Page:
What is it?
This is the coupé cabriolet version of the current incarnation of Renault’s Mégane hatch. Specifically, it’s the top-spec GT, in diesel form, with Renault’s 158bhp, 280lb dCi engine under the bonnet.
It’s not the first time we’ve driven a Mégane CC; the 1.4 TCE Dynamique variant has been subjected to a full Autocar road test, and we have driven the open-top GT dCi before, too, but this is our first opportunity to sample it on the UK’s roads.
See pics of the Megane CC in action
What’s it like?
All of our previous road test conclusions regarding the 1.4 TCE CC still stand: it’s a pretty refined car overall with surprisingly little roof-up wind noise, and it has a half-decent ride on smoother roads. However, it’s aesthetically challenged at the rear and the ride and dynamics suffer on bumpy and broken surfaces, and particularly so when the car is under even the slightest lateral load. It also suffers a disconcertingly soft brake pedal action, has huge, heavy doors, and overall it lacks any significant driver involvement.
That’s not to say the GT diesel can’t be an enjoyable drive, but it’s not exactly an engaging one. The motor is smooth and torquey, if a little raucous and gravelly sounding, especially around town. It makes a pleasant enough motorway cruiser, though, at which times the Renault should return mpg figures in the high 30s to low 40s. This drops significantly around town, however, in no small part due to the extra weight of the folding roof.
In GT trim the Mégane comes with 18in alloys which, surprisingly, don’t seem to harm the ride too adversely. What they do, however, is transmit a significant amount more road noise into the cabin.
And of course you can drive it with the roof down, which is the CC’s USP. And that in itself is a function which the car performs well provided you’re happy with the inevitable loss of boot and rear passenger space.
Should I buy one?
If your sole goal is to be driving a French-built coupé cabriolet then the Mégane is admirably fit for purpose. In GT diesel guise, however, the Mégane CC isn’t a cheap car and it’s hard to recommend over a VW Eos. The Renault’s engine is a fine performer and there are nice touches to the GT’s interior (although as a roofless coupé it could do with heated seats as standard, not a £305 option) but there are too many aesthetic and dynamic compromises to swallow before justifying the purchase price.
Renault Megane 2.0 dCi CC
Price: £28,870; Top speed:134mph; 0-62mph: 9.4sec; Kerb weight: 1625kg; Economy: 42.1mpg combined; CO2: 175g/km; Engine layout: 4 cyls, 1995cc; Power: 158bhp at 3750rpm: Torque: 280lb ft at 2000rpm; Gearbox: 6spd manual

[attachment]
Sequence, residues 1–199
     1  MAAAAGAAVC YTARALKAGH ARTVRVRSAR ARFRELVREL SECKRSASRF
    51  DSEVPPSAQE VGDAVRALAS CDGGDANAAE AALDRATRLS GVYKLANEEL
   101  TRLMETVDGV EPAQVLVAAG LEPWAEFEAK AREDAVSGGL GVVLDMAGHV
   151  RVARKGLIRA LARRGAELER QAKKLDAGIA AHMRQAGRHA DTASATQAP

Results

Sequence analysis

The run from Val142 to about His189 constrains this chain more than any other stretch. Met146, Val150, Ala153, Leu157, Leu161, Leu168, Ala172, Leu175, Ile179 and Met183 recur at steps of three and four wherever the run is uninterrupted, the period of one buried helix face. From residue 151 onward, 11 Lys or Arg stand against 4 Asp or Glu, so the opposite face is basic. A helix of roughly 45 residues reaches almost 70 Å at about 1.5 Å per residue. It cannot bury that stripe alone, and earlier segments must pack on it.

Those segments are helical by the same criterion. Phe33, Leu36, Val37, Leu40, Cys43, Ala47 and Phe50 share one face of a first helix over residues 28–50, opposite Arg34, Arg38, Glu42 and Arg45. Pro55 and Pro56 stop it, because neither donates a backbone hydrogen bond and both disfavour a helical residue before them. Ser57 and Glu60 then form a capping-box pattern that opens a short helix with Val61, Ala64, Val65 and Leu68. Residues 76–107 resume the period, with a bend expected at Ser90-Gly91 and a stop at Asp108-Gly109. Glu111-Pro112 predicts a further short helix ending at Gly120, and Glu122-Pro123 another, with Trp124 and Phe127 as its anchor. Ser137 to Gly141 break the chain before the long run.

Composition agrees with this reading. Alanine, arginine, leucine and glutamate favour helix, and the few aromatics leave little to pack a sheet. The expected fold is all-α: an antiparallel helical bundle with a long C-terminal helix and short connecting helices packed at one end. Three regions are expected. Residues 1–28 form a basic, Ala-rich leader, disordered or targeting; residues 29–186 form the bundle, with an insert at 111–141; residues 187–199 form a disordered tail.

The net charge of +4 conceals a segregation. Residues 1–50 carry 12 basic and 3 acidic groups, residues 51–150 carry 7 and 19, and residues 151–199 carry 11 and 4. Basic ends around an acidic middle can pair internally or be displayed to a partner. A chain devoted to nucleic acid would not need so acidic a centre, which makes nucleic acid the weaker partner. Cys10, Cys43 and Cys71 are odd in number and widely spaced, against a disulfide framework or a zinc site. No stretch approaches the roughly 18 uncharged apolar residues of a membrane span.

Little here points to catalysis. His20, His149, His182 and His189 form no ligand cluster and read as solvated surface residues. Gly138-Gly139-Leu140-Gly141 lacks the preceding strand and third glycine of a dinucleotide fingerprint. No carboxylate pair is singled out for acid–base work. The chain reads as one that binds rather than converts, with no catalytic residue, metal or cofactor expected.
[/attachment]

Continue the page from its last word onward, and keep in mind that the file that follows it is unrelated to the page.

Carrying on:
What is it?
This is the coupé cabriolet version of the current incarnation of Renault’s Mégane hatch. Specifically, it’s the top-spec GT, in diesel form, with Renault’s 158bhp, 280lb dCi engine under the bonnet.
It’s not the first time we’ve driven a Mégane CC; the 1.4 TCE Dynamique variant has been subjected to a full Autocar road test, and we have driven the open-top GT dCi before, too, but this is our first opportunity to sample it on the UK’s roads.
See pics of the Megane CC in action
What’s it like?
All of our previous road test conclusions regarding the 1.4 TCE CC still stand: it’s a pretty refined car overall with surprisingly little roof-up wind noise, and it has a half-decent ride on smoother roads. However, it’s aesthetically challenged at the rear and the ride and dynamics suffer on bumpy and broken surfaces, and particularly so when the car is under even the slightest lateral load. It also suffers a disconcertingly soft brake pedal action, has huge, heavy doors, and overall it lacks any significant driver involvement.
That’s not to say the GT diesel can’t be an enjoyable drive, but it’s not exactly an engaging one. The motor is smooth and torquey, if a little raucous and gravelly sounding, especially around town. It makes a pleasant enough motorway cruiser, though, at which times the Renault should return mpg figures in the high 30s to low 40s. This drops significantly around town, however, in no small part due to the extra weight of the folding roof.
In GT trim the Mégane comes with 18in alloys which, surprisingly, don’t seem to harm the ride too adversely. What they do, however, is transmit a significant amount more road noise into the cabin.
And of course you can drive it with the roof down, which is the CC’s USP. And that in itself is a function which the car performs well provided you’re happy with the inevitable loss of boot and rear passenger space.
Should I buy one?
If your sole goal is to be driving a French-built coupé cabriolet then the Mégane is admirably fit for purpose. In GT diesel guise, however, the Mégane CC isn’t a cheap car and it’s hard to recommend over a VW Eos. The Renault’s engine is a fine performer and there are nice touches to the GT’s interior (although as a roofless coupé it could do with heated seats as standard, not a £305 option) but there are too many aesthetic and dynamic compromises to swallow before justifying the purchase price.
Renault Megane 2.0 dCi CC
Price: £28,870; Top speed:134mph; 0-62mph: 9.4sec; Kerb weight: 1625kg; Economy: 42.1mpg combined; CO2: 175g/km; Engine layout: 4 cyls, 1995cc; Power: 158bhp at 3750rpm: Torque: 280lb ft at 2000rpm; Gearbox: 6spd manual

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